The Use of Self Retaining Sutures in Open and Laparoscopic Partial Nephrectomy
With the increased use of radiographic imaging for abdominal complaints the incidental
finding of small asymptomatic renal masses has increased. Partial nephrectomy has become the
gold standard therapy for treatment of kidney masses ≤7cm in size. Absolute indications for
partial nephrectomy include bilateral renal tumors, systemic condition affecting renal
function, chronic renal insufficiency and solitary kidney function. Elective indications
include masses ≤7cm and normal contralateral kidney function. The procedure can be completed
through either laparoscopic or open technique. Complication rates from open and partial
nephrectomy have been reported to be about 16% with the most common being urinary leak,
postoperative bleeding, renal insufficiency and the need for dialysis.
A major predictor of postoperative complications is the warm ischemia time. This is the
length of time the kidney is without blood flow at body temperature. It has been reported
that renal and cellular damage of the nephron begins after 20-30 minutes of ischemia. As
well, the volume of estimated blood loss has been shown to be a major predictor of
postoperative complications. A threshold value of estimated blood loss >750 mL and warm
ischemia time >45 minutes have been associated with significantly increased rates of
postoperative complications. Recent advancements in laparoscopic technique have lead to the
development of the early unclamping method of partial nephrectomy. In this method the renal
pedicle is unclamped following the initial central running suture but before the defect has
been entirely repaired with bolstering sutures. This method has been reported to decrease
warm ischemia time by ≥50% in comparison to the traditional technique of unclamping after
full closure of the defect.
The investigators have demonstrated the safety of the "Quill" (Angiotech, Vancouver, BC)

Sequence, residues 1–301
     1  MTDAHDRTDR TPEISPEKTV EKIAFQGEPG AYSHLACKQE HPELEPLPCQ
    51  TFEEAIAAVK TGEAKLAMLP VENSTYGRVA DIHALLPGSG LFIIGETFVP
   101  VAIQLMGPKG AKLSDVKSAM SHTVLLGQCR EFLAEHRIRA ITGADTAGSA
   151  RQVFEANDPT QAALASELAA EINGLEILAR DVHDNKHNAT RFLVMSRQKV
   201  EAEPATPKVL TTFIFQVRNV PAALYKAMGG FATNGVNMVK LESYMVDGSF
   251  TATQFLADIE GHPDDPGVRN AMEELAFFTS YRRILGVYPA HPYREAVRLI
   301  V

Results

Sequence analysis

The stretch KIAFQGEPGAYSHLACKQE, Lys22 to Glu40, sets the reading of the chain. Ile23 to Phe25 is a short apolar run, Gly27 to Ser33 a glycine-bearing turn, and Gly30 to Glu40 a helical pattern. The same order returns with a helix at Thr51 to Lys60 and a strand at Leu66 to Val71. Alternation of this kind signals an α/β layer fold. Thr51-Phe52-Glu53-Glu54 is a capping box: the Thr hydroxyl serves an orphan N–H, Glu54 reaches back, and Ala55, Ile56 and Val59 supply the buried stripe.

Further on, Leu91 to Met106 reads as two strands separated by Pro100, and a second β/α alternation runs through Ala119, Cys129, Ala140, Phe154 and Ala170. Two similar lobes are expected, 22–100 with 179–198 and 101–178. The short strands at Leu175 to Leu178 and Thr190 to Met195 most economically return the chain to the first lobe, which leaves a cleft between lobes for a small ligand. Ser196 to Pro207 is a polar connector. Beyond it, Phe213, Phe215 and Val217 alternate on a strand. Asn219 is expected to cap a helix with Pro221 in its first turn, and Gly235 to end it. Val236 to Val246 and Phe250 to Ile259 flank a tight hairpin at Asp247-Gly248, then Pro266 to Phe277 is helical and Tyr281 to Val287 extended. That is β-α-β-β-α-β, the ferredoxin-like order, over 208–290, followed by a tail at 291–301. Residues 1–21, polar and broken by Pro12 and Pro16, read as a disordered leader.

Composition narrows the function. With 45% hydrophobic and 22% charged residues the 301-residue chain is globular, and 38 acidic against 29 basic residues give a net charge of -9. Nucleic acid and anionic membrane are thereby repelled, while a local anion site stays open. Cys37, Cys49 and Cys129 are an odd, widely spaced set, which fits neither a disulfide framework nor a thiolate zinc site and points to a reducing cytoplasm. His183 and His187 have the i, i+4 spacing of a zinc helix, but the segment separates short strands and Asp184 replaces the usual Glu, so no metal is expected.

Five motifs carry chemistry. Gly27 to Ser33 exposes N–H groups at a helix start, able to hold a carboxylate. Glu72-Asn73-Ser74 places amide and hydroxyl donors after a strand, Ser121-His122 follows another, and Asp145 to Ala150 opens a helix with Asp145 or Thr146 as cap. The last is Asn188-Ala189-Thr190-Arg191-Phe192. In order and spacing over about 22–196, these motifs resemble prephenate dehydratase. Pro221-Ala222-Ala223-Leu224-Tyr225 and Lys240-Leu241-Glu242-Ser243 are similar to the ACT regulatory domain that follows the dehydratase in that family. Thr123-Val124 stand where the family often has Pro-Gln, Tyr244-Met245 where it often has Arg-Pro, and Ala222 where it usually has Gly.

polydioxanone barbed self retaining sutures in a retrospective series. These sutures contain
unidirectionally oriented barbs on the surface that switch direction at the half-way point.
Laparoscopic partial nephrectomy is a technically demanding procedure and maintaining
tension during intracorporeal suturing is particularly challenging. The barbs of the self
retaining sutures lock into the tissue allowing the surgeon to preserve tissue approximation
without needing to maintain tension. The investigators believe these sutures will allow the
surgeon to obtain greater tissue approximation therefore decreasing postoperative urinary
leakage and bleeding. These findings need to be validated postoperatively.
The investigators believe that coupling the shorter warm ischemia time of the early
unclamping method and the greater tissue approximation afforded by the self retaining
sutures will result in fewer complications following partial nephrectomy.
Allocation: Randomized, Endpoint Classification: Efficacy Study, Intervention Model: Parallel Assignment, Masking: Single Blind (Subject), Primary Purpose: Treatment
Patients will be considered positive for bleeding if they have any of gross hematuria, need for transfusion in the postoperative period not believed to be from intraoperative bleeding or need for angioembolization.
Data will be collected up to 12 weeks following the procedure
Ricardo A Rendon, MD
Capital distrcit health authority, Canada
Canada: Institutional review board